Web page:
CHOTEPE, Honduras – Gathered around a table with his grandparents and cousins, 15-year-old Steven is drawing a family tree with colored markers. Family members chime in, helping him add new branches of relatives as they recount family stories.
“We do the family tree, so the branches are aunts and uncles or parents. We are the roots, and the trunk is the whole family,” says Steven, who lives with extended family outside of San Pedro Sula.
“Being together, talking, is what I like most about the family, because they tell us good stories,” he adds.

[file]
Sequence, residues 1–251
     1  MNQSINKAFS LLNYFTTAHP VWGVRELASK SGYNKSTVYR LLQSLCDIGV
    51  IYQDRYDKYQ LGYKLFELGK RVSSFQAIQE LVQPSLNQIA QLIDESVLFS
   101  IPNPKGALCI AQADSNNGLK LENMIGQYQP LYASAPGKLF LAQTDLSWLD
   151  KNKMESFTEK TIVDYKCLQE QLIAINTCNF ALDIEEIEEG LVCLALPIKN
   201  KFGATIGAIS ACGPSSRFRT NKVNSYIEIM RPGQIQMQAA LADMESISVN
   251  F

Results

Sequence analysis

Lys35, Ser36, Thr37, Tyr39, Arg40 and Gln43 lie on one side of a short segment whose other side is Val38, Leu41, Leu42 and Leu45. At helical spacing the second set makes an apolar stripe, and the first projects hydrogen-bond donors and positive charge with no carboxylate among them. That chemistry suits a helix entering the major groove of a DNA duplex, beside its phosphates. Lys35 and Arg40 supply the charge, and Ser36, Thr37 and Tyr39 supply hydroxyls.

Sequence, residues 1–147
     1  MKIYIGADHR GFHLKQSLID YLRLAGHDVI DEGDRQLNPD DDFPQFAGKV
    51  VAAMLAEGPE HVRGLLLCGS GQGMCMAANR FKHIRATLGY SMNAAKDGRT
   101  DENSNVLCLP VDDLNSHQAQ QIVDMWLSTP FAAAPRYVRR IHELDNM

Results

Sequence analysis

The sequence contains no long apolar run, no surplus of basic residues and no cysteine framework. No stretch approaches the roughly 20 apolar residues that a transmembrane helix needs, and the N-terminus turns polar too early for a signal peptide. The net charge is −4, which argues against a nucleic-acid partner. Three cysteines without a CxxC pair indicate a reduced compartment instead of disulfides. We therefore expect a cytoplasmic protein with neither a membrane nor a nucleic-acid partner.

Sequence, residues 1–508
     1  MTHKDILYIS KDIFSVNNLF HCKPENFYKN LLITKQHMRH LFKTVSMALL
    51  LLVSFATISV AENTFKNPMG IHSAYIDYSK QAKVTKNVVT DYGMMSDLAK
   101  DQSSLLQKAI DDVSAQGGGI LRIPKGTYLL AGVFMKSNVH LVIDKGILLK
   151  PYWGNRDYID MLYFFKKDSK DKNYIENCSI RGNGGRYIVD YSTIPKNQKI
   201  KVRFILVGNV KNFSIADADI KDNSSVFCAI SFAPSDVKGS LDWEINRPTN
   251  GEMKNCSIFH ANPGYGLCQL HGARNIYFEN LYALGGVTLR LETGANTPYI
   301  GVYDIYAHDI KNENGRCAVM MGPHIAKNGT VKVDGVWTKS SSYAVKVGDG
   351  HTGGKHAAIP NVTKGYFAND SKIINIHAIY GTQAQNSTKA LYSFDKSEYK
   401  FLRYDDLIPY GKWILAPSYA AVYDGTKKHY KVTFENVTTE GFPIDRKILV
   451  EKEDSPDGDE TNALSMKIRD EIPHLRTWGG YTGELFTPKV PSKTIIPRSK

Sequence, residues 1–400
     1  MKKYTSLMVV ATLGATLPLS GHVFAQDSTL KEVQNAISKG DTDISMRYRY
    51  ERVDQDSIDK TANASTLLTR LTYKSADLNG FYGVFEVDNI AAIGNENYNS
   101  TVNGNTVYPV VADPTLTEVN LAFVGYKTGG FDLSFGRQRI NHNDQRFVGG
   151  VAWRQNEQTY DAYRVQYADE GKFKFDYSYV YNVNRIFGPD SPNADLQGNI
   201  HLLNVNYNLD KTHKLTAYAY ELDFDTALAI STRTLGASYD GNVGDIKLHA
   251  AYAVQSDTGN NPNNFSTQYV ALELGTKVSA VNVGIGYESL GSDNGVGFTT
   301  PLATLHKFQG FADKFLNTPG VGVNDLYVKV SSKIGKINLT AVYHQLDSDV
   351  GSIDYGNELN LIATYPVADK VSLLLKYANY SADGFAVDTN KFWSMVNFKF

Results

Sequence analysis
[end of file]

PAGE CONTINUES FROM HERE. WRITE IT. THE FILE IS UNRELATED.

The family tree, or genogram, is one tool that can help young people learn about their own roots – those that tie them to their families and communities and can be the start of a support system that lowers their risk of becoming involved in gangs and violence.
The tool is part of a family-based violence prevention program called Proponte Más, operating in five of Honduras’ most violent cities. Funded by the U.S. Agency for International Development and implemented by Creative Associates International, the program has trained 50 counselors to work directly with families of youth who are most likely to join gangs.
The program relies on an empirical assessment to identify youth who are at the highest risk of joining gangs, through a method known as the Youth Service Eligibility Tool. The tool evaluates youth on a series of nine risk factors at a family, peer and individual level.